More than $300 million in funding for military construction projects in Hawaii could potentially be diverted to pay for a wall on the U.S.-Mexico border. After declaring a national emergency, President Trump directed the Defense Department to identify projects from which funds could be repurposed.
The president moved to declare a national emergency when he was unable to secure funding for a border wall through the normal congressional budgeting process. A standoff over that issue in December led to a 35-day partial shutdown of the federal government, the longest in U.S. history.
Under the National Emergencies Act of 1976, the President of the United States can assume broad emergency powers for the duration of the national emergency. One of those powers is the ability to redirect funds already appropriated for military construction.
“The President usually can’t move funds from where Congress has allocated them. If he wants to change it, he has to go to Congress and ask them. There is not a lot of precedent for this. It’s actually somewhat uncharted territory.”
Koshgarian says that it is not clear whether or not using an emergency declaration to move around funds is legal.
Hawaii Congressman Ed Case (D, HI-01) calls the national emergency an “end run around the Congressional appropriations process.” He told HPR that he does not believe there is a true emergency on the southern border.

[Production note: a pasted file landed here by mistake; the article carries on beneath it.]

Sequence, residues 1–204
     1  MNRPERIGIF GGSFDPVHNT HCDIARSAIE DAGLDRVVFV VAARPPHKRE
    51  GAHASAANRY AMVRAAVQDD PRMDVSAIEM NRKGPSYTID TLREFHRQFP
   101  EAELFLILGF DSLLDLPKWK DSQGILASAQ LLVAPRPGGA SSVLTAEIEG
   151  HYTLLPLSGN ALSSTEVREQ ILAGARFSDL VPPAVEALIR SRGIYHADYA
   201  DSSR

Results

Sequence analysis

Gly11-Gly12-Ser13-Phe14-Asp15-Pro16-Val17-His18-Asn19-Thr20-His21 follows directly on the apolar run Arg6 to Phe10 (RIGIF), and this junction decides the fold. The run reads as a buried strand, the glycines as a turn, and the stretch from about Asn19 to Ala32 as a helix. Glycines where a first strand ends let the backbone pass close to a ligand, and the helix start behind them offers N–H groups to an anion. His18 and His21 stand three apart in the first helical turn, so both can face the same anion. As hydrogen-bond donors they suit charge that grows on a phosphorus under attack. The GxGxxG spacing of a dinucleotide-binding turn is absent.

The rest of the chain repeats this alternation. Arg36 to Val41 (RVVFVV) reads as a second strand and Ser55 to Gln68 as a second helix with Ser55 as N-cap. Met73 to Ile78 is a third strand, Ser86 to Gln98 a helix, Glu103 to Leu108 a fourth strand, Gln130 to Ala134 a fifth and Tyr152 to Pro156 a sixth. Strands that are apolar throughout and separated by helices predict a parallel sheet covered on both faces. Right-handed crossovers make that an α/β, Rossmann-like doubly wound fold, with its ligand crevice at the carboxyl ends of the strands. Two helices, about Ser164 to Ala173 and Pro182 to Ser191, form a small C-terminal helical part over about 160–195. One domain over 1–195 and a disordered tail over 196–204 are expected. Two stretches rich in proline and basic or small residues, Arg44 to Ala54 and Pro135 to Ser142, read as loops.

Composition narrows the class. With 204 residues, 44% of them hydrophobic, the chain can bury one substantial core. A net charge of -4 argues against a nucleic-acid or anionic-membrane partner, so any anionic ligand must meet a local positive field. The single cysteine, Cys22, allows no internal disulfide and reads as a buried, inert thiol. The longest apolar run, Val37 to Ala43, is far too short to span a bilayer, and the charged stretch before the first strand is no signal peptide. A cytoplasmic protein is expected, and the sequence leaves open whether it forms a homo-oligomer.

“Certainly, there is nothing here that cannot be, and should not be, dealt with in the normal policy process” Case told HPR.
The Trump Administration has told members of Congress that it will request new funding for any construction projects that are defunded to pay for a wall. For Case, that is a clear violation of the separation of powers laid out in the Constitution.
The Defense Department has stated that it will not defund family housing or any projects for which a contract has already been signed. That leaves five projects in Hawaii are potentially at risk. Those include $105 million command and control facility at Fort Shafter, $45 million for a new submarine repair dry dock at Pearl Harbor, and a $78 million water transmission line for Joint Base Pearl Harbor Hickam.
Elected officials in Honolulu and Washington D.C. have decried the move as pointlessly jeopardizing national security. In a press conference on Tuesday, Hawaii Senator Brian Schatz delivered a strong rebuke of the Defense Department’s handling of the process, saying the DoD was risking its reputation as non-partisan.
On Thursday, the U.S. Senate will vote on a resolution that would reverse the national emergency declaration. A similar resolution was already passed by the House. President Trump has said he will veto the measure if it reaches his desk.
16 states, including Hawaii, have signed on to a lawsuit challenging the President’s declaration. The ultimate fate of the declaration will likely be settled in court, establishing a precedent for future presidents.